By Brenda Flanagan
“It is, in a word, terrifying because it’s meant to be that way,” said Leslie Dannin Rosenthal, president of the Jewish Federation of Greater MetroWest NJ.
One community leader described how bomb threats scatter people at classes, day care centers and gyms inside Jewish community centers.
“It is having little children taken out by the hand in freezing cold weather. It is women from a swim class out there in their bathing suits. Being taken in by the church next door,” she said.
“This is not a Jewish issue. This is an issue of principle and integrity,” said Jordan Shenker.
Shenker heads the Kaplen JCC on the Palisades. Three of the eight bomb threats in New Jersey came to this building. So the state’s most powerful politicians gathered here today to address the dozens of anti-Semitic threats and cemetery vandalism in New Jersey and 33 other states across the country.
“Anti-semitism is not dead but dormant. And all-too-easily awoken. Such vile actions cannot be met with silence,” said Sen. Bob Menendez.
“These acts of violence do not happen in a vacuum. They are instigated. That’s why our words do matter,” said Congressman Bill Pascrell.
“This national trend is not by accident. It’s because, when you divide people — as Congressman Pascrell so artfully said — when you divide people up, this is what happens,” said Congressman Josh Gotteheimer. “I’m as scared as everyone else when I drop off my son now and my kids at Sunday school.”
Officials welcomed news of one alleged perpetrator’s arrest but noted others remain at large. Today FBI Director James Comey met with JCC leaders, who “…expressed the deep gratitude of the entire community … left with the highest confidence that the FBI is taking every possible measure to resolve the matter as quickly as possible.”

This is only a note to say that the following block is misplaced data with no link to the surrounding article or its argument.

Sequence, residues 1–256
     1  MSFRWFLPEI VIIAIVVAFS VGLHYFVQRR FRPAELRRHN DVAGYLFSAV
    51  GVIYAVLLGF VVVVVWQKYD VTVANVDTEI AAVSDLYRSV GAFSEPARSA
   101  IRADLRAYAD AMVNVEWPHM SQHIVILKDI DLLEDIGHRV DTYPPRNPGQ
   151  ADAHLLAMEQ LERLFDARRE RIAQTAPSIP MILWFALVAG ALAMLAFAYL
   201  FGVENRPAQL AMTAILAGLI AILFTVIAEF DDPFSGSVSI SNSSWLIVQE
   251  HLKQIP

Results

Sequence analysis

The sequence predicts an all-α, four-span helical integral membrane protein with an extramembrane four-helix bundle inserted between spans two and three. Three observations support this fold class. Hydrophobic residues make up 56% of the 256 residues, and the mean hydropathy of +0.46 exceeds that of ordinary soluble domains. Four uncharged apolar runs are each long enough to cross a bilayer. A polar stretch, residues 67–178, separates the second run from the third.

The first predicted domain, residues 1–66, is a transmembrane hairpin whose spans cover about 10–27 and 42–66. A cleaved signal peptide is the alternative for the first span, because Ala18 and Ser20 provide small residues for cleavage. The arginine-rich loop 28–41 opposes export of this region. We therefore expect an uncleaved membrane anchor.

Gov. Chris Christie said New Jersey’s attorney general is aggressively enforcing the state’s anti-bias law.
“We now have $10,000 rewards available for any leads that lead us to the violation of bias crimes. And anyone in this state who commits that type of crime will be prosecuted to the fullest extent of the law and sent to prison,” Christie said.
Last year, New Jersey nonprofits received $4.3 million in federal security grants. Today Jersey pols called on D.C. colleagues to double the Homeland Security appropriations to at-risk groups.
“Let’s do this in a bipartisan way, because we are all Americans. Nothing should divide us when it comes to protecting and standing up for fellow Americans, especially in times of hate,” said Sen. Cory Booker.
Every speaker urged the crowd to speak out against hate. And they wanted to hear more from the president than his brief statement Tuesday.
“The president represents all of us. And I would like him to be the authoritative voice speaking out against hatred in our country — in all of its forms,” Menendez said.
Politicians promised to lobby hard for additional funding. One bill in the Jersey Legislature would expand security grants by $1 million for vulnerable institutions. But any extra federal money could get caught up in congressional gridlock.